After the holidays our clients still have a week left to stabilize their families and get the kids ready for re-entry into school. The process is generally made more difficult since that's the week the flu and other winter illnesses kick in and start ravaging the populace. By this point corporate workers and their ad agency counterparts have already burned through the first full week January. The next week allows them to slide back into their comfortable workflow like an old man easing himself into a bathtub full of hot water. This is the week of budget meetings. Staff rearrangements. The wholesale firing of ad agencies from some accounts the the equally wholesale hiring of the newer, shinier, better ad agencies for other accounts. Which then starts a new round of creative proposals. Which then goes through the approval processes and meetings. Then there are the meetings about the meetings and finally the committee consensus that we'd better get busy on SOMETHING or we'll lose whatever budget we don't take advantage of in the first quarter. Chop. Chop.
So, somewhere in or around the third or fourth week of January the phones ring ( or chime or play dreadful ringtones ), the e-mails start flowing and the projects start being presented to the creative class of content makers so that bids, estimates, quotes, pricing, budgets and procedures can start being discussed. If you are lucky you'll start nailing down bids and project assignments by the end of January or the first week of February which will be shot some time in February and then billed, and hopefully the first round will end up being paid for in the late March time frame. That's a long time to go with no cash flow!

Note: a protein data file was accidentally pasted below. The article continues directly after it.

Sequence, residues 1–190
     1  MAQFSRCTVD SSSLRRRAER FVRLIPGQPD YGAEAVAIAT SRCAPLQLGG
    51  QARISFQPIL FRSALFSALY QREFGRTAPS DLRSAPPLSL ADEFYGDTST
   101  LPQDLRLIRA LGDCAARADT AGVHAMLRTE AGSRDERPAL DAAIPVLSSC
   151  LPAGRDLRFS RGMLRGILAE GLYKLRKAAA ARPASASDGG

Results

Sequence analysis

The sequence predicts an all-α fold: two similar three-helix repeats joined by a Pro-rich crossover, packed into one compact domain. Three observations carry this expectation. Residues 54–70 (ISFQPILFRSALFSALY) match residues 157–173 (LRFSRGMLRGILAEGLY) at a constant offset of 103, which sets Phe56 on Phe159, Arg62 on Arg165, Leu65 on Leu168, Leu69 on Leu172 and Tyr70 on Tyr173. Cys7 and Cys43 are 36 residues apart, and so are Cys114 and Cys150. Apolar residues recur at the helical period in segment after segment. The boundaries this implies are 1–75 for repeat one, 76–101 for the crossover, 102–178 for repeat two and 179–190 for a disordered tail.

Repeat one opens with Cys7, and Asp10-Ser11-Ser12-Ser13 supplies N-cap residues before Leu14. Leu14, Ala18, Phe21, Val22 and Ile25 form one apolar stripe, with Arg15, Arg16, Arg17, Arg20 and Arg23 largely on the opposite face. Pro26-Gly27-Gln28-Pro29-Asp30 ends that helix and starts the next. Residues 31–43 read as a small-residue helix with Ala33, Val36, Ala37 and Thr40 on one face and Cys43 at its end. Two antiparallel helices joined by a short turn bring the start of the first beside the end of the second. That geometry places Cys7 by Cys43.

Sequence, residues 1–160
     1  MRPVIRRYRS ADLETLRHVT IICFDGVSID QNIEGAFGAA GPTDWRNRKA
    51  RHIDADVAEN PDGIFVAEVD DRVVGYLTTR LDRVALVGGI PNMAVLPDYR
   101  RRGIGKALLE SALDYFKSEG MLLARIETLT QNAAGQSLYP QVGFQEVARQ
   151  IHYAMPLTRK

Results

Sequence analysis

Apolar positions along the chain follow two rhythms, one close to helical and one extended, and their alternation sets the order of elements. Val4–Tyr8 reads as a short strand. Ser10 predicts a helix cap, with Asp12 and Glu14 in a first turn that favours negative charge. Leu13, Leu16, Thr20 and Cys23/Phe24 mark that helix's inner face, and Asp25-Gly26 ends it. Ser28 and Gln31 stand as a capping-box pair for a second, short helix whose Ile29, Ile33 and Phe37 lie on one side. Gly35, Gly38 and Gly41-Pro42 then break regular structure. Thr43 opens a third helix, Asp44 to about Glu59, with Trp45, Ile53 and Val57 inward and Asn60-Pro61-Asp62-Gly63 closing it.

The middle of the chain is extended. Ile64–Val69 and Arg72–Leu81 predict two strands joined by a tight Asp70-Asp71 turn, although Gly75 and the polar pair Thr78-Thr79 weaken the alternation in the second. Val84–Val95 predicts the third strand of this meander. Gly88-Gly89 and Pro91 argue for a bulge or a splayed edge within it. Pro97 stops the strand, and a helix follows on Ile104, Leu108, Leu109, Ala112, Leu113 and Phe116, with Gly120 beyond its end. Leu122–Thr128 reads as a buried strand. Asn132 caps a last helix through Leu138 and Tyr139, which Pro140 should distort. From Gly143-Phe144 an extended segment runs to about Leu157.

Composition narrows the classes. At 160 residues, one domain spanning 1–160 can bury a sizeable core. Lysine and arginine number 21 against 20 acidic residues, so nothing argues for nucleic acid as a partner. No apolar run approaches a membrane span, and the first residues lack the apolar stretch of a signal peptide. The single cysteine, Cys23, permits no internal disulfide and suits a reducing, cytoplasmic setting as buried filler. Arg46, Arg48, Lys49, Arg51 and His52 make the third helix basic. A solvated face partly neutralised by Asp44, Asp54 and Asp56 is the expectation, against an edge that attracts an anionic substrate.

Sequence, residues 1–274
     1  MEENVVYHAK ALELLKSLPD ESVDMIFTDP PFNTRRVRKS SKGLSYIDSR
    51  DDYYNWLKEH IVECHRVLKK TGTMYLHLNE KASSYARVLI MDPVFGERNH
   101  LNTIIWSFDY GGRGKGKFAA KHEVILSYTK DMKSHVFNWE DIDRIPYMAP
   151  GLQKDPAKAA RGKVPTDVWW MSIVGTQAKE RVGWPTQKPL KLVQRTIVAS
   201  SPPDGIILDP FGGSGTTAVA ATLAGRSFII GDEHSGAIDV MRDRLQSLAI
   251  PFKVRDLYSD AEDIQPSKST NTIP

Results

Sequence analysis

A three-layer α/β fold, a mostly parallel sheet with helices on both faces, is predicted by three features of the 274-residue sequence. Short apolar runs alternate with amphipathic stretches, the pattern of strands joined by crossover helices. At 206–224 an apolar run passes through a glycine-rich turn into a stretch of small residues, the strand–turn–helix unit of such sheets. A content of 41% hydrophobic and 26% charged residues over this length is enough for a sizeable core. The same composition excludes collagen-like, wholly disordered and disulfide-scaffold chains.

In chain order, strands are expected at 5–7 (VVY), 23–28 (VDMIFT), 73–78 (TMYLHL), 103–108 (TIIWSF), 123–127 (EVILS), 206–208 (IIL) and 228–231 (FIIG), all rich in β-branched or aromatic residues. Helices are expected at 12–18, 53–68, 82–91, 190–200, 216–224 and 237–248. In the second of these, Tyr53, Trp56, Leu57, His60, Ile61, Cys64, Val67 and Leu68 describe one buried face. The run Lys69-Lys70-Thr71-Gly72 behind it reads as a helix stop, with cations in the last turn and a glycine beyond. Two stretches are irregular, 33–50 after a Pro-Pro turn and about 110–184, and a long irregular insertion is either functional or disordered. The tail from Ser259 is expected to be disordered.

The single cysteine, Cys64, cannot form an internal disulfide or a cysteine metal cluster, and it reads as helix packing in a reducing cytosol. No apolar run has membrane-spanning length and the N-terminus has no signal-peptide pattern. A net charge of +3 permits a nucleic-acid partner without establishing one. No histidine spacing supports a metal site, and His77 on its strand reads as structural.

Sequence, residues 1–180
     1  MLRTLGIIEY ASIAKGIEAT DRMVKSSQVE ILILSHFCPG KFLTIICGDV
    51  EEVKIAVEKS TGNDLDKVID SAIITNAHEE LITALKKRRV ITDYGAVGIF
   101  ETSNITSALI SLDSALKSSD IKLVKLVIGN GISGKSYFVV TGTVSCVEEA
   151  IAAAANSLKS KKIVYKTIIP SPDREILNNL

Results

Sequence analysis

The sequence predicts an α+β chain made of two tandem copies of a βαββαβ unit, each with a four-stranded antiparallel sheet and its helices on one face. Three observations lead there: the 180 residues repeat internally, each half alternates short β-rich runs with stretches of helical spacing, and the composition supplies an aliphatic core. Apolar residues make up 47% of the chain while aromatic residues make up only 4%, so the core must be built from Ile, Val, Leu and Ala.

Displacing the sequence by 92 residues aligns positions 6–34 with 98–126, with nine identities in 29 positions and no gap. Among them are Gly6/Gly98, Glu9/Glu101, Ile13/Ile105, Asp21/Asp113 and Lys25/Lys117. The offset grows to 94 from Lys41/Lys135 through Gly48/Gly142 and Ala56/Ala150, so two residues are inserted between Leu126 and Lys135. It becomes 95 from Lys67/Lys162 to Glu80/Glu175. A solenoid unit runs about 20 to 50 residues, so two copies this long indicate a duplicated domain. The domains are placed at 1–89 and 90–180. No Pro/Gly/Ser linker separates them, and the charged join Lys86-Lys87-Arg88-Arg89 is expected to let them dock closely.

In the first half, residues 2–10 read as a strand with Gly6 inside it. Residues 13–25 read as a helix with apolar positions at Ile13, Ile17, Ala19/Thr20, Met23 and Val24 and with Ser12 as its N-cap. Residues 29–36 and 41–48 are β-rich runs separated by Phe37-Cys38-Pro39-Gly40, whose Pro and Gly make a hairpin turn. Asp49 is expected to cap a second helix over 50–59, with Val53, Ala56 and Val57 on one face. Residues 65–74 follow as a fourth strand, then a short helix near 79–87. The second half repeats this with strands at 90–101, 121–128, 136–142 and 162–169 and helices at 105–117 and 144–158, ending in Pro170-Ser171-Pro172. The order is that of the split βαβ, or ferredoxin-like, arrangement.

My advice to the people who are ready to get started in advertising photography or corporate imaging work is this: Start saving up now so you can make the jump at the end of this year and into next year. You'll need a big stack of money. Remember, the end of the year, when you stop working is also the single most expensive part of the year: Gifts to buy, dinner parties to host, travel to pay for, entertainment, and it seems to be the time of the year when CPAs come alive and share with you the idea (threat?) that you'll need to add a few more (tens of) thousands of dollars to your meager IRS contributions for the past year. And you also need to cough up a bunch of cash to toss into a tax deferred retirement account (you do want to retire someday, right?).
Well, after paying all the regular stuff ( income tax, property tax, business tax, self employment tax, mortgage, retirement fund, donations to the governor's defense fund) and the swim club dues for the year, plus the annual premiums for a couple of life insurance policies and a disability insurance policy and the above mentioned, CPA recommended, wallet clearing exercises, and another round of college expenses (and air fare to and from) I'm just about tapped out. Like clockwork, clients have roused from their slumber and begun the requesting rituals. With a little luck we'll just about make the spread. But I have been researching places in town that will pay for plasma...
It's the same story I hear from everyone I know in the business; be they freelance writers, photographers, videographers or designers. I'm thinking we could create an entire lobbying campaign around asking for the whole holiday break to be shortened. Whatever happened to productivity as a buzzword?
One more thing that always strikes me as a bit ironic. I'll have a great 4th quarter and, anticipating more of the same to come (freelance is Latin for optimistic) I'll decide to buy some new gear. Fun stuff. Like the D610, the D810 and a raft of lenses. And as surely as I do that the equipment karma teams up with corporate holiday lag and leaves me sitting here in the studio surrounded by really cool gear and nothing to stick in front of it. Next year I'm going on vacation somewhere really cool for half of December and the whole month of January. I'll figure out how to pay for it in March.....